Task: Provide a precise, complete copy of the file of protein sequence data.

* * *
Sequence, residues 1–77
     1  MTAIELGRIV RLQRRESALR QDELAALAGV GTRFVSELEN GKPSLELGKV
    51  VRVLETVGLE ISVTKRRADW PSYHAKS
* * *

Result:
Sequence, residues 1–77
     1  MTAIELGRIV RLQRRESALR QDELAALAGV GTRFVSELEN GKPSLELGKV
    51  VRVLETVGLE ISVTKRRADW PSYHAKS